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Fast Photomineralization of Dissolved Organic Matter in Acid Mine Drainage Impacted Waters

Yuan, Chenyi, Sleighter, Rachel L., Weavers, Linda K., Hatcher, Patrick G., Chin, Yu-Ping
Environmental science & technology 2019 v.53 no.11 pp. 6273-6281
acid mine drainage, aquatic ecosystems, carbon cycle, dissolved organic matter, dissolved oxygen, forested watersheds, gel chromatography, hydroxyl radicals, iron, mass spectrometry, mineralization, oxygen, pH, photolysis, pyrite, solar radiation, summer, weathering, Ohio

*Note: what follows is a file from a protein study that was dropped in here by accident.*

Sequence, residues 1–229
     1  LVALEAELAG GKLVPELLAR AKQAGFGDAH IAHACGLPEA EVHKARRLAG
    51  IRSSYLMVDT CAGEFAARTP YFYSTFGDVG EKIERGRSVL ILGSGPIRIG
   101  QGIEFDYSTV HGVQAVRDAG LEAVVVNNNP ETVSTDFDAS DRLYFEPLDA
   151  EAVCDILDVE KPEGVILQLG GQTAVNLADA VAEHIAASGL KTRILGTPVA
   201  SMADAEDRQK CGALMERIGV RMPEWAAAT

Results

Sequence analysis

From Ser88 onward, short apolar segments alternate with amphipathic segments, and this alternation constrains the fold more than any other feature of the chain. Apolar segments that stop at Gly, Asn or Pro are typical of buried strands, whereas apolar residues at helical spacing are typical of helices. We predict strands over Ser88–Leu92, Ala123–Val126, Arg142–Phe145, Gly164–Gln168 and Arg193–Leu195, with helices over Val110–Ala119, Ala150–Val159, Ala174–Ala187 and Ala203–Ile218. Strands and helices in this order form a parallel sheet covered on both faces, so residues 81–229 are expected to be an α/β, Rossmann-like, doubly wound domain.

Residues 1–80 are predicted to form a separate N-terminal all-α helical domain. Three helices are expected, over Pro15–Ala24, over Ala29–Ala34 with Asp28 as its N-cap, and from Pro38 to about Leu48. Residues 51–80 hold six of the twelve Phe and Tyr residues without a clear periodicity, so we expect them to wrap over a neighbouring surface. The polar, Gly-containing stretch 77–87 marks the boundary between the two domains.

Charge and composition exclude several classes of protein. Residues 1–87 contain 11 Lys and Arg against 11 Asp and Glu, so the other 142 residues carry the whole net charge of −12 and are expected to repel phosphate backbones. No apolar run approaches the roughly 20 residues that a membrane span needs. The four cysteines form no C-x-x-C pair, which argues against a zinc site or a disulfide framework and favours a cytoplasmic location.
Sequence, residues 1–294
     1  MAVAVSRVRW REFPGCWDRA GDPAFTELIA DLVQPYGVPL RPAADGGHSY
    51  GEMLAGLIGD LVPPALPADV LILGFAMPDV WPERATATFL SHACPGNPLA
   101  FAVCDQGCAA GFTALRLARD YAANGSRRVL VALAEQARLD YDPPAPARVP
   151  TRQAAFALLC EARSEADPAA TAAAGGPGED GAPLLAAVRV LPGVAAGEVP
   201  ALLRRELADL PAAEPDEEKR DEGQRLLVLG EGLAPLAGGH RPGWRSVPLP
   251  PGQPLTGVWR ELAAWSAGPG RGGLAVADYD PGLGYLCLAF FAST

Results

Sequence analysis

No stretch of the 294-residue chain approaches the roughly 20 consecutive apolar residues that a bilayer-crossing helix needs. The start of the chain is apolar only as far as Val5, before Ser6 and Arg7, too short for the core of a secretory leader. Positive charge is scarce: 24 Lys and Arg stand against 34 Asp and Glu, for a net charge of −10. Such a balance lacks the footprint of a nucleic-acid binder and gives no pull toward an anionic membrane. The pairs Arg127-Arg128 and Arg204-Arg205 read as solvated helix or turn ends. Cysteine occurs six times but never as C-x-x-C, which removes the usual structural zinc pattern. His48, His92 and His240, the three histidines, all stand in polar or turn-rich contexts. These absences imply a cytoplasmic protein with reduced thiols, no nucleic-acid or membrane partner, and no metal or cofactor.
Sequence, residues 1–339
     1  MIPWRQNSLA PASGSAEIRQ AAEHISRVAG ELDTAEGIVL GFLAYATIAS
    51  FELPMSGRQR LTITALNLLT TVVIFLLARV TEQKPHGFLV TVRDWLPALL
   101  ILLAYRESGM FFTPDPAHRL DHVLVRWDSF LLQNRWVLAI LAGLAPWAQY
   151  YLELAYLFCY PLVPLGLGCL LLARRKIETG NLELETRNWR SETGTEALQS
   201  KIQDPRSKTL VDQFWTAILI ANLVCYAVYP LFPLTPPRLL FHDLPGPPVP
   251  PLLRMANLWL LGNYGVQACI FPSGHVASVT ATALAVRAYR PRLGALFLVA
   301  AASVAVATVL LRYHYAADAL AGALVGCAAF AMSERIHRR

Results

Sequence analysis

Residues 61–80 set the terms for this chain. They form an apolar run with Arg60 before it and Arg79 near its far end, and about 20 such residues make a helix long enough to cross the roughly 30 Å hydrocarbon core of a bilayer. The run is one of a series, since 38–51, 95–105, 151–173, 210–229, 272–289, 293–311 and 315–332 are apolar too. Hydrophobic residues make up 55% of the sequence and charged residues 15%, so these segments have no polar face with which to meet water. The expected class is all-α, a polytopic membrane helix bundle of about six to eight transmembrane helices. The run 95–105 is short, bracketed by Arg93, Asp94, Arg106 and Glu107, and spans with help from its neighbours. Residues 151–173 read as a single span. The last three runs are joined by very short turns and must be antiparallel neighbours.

Acid mine drainage (AMD) formed from pyrite (iron disulfide) weathering contributes to ecosystem degradation in impacted waters. Solar irradiation has been shown to be an important factor in the biogeochemical cycling of iron in AMD-impacted waters, but its impact on dissolved organic matter (DOM) is unknown. With a typical AMD-impacted water (pH 2.7–3) collected from the Perry State Forest watershed in Ohio, we observed highly efficient (>80%) photochemical mineralization of DOM within hours in a solar simulator resembling twice summer sunlight at 40°N. We confirmed that the mineralization was initially induced by •OH formed from FeOH²⁺ photodissociation and was inhibited 2-fold by dissolved oxygen removal, suggesting the importance of both the photochemical reaction and oxygen involvement. Size exclusion chromatography and Fourier transform ion cyclotron resonance mass spectrometry elucidated that any remaining organic matter was comprised of smaller and highly aliphatic compounds. The quantitative and qualitative changes in DOM are likely to constitute an important component in regional carbon cycling and nutrient release and to influence downstream aquatic ecosystems in AMD-affected watersheds.